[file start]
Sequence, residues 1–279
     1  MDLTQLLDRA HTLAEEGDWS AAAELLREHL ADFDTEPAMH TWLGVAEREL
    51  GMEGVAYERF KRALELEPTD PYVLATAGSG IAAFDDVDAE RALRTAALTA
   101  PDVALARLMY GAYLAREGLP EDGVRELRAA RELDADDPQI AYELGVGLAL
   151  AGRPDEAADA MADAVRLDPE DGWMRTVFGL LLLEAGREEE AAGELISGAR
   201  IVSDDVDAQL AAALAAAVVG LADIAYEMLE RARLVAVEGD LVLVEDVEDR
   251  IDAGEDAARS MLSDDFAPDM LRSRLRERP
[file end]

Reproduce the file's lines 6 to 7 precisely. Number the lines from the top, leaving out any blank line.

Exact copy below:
   201  IVSDDVDAQL AAALAAAVVG LADIAYEMLE RARLVAVEGD LVLVEDVEDR
   251  IDAGEDAARS MLSDDFAPDM LRSRLRERP